I decided to bless you with two posts since I seriously slacked lately. My energy levels have been a little all over the map. Now that I am feeling better, I have been taking advantage of this and doing things after work- but then over doing it and having 0 energy the next day. Last night I had a girls night that we planned months ago, which was fantastic and much needed but a prime example. I am DEAD today. Like motivation is 0 and my body actually physically aches. I almost would have preferred a hangover because a little hydration and Tylenol usually does the trick. Today its been heating pads, pain killers, essential oils, water, naps, ANYTHING. But my body and mind are just zilch.
Anyways, this blog post is a little different from the usual, but just as important. It was triggered by a recent story in the news regarding a 10 year old boy named Seven, who committed suicide due to bullying.
How does this relate to IBD? He had a colostomy bag. In fact he underwent 26 surgeries related to his bowel disorder. He was only 10 people. I can’t imagine the hard life this kid already had medically. To add to this, is just absolutely devastating. According to news stories he had been bullied quite frequently. Another student at his school recalled a time where he was choked and called racial slurs, which resulted in him having to go to the emerg to get a CT scan. Students began labelling him a snitch as his mother was huge in urging him to advocate for himself in response to the bullying.
Disabilities, invisible or not, are so hard to process and go through both medically and emotionally. There are many patients who have gone through forms of trauma as a result of their medical journey, and will suffer from PTSD. Mental health is greatly impacted and unfortunately with many chronic illnesses, healing is not linear as the disease can come back. Even the journey to getting into remission, from my own experience, is far from linear and far from easy. As an adult who can inform myself and be an advocate for myself, I have struggled. I can only imagine what this must have been like as a child.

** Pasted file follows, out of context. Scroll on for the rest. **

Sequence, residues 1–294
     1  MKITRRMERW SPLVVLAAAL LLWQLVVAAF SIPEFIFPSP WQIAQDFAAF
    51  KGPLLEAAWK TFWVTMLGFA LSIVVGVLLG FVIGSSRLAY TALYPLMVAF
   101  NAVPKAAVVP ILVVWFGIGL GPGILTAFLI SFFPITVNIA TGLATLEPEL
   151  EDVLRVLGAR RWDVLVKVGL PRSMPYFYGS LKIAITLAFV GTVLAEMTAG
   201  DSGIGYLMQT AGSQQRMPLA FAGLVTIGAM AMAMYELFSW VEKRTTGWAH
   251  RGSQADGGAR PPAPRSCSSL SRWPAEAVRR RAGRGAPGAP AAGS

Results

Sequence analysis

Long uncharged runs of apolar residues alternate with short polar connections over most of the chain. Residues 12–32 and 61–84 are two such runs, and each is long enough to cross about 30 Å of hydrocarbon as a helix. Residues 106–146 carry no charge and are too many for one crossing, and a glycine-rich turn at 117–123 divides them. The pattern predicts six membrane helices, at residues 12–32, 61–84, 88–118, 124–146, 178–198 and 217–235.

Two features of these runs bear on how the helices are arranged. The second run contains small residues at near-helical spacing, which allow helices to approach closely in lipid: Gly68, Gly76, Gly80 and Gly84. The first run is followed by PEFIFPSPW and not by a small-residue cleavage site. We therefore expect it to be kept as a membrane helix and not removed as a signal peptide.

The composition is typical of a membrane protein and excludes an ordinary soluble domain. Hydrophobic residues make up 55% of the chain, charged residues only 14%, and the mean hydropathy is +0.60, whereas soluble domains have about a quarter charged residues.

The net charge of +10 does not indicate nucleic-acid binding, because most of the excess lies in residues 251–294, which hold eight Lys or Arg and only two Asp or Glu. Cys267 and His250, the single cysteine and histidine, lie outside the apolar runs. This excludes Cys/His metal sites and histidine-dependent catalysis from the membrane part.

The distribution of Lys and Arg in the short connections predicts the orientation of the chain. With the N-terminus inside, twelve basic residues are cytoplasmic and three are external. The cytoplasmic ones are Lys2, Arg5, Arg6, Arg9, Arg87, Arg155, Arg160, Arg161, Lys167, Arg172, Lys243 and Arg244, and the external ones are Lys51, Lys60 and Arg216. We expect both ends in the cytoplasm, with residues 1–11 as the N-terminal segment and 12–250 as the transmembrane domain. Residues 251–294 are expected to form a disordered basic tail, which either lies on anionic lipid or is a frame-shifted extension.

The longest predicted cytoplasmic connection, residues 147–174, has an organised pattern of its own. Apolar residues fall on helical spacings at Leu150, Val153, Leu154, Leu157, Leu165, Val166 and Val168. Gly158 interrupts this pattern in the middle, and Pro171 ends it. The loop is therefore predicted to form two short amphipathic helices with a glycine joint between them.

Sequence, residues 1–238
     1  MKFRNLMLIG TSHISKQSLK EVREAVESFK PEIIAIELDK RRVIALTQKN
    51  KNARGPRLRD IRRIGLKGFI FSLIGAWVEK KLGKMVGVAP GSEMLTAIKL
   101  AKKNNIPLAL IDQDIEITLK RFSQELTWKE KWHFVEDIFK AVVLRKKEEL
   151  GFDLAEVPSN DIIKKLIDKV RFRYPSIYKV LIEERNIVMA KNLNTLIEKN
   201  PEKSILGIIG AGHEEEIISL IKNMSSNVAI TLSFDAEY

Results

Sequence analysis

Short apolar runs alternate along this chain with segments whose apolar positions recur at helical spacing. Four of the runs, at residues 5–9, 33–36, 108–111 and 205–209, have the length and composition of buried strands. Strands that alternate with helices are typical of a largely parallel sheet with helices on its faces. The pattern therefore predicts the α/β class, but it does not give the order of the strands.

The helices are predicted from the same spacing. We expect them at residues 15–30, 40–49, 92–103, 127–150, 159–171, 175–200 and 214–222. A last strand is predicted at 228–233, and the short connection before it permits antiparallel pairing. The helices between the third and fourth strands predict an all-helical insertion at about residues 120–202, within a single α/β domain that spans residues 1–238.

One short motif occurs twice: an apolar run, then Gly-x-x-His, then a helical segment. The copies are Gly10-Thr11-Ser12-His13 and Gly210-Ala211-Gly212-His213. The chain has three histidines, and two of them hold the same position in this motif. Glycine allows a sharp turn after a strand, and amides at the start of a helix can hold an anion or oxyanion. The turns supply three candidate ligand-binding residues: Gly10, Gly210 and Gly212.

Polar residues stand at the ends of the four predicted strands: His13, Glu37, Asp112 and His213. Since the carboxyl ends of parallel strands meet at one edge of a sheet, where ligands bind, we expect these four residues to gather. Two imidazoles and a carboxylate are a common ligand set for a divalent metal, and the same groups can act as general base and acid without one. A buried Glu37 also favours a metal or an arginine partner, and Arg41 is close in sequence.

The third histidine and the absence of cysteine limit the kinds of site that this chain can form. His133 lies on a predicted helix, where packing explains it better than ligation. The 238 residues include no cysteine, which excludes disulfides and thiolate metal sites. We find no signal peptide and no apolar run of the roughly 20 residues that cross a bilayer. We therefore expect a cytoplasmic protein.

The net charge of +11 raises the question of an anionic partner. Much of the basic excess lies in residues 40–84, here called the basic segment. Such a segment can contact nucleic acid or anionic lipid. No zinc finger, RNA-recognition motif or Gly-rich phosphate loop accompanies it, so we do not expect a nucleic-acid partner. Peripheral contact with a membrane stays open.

Bullying is something that has gone on for many generations. When I was growing up it was there, when my parents were growing up it was there, and it’s still here. Its methods and modes have changed, but the principles for the most part have stayed the same. We can’t necessarily stop it, but we can prevent it and inform our kids how to be better. As someone who works in a school system in behaviour therapy, this is something that I am very passionate about and something I have a lot of experience in.
So parents and caregivers, here is my proposal: teach your kids.
There are many different reasons why someone may be a bully, often times adults pointing to insecurities. But the big picture is that often times it’s simply that our kids don’t know any better. They LITERALLY don’t understand that it is not acceptable. A lot of parents I work with get baffled by this idea, and I’m not sure why? If no one has ever told them it is not okay, why would they know any better? How did we learn? I personally learnt quickly because my parents had a 0 tolerance for it. In addition, we had school presentations and media everywhere was plastered with anti-bullying slogans and commercials (are those still a thing?). Programs like D.A.R.E, although not always shown in research to be effective, did promote an environment where we talked about it.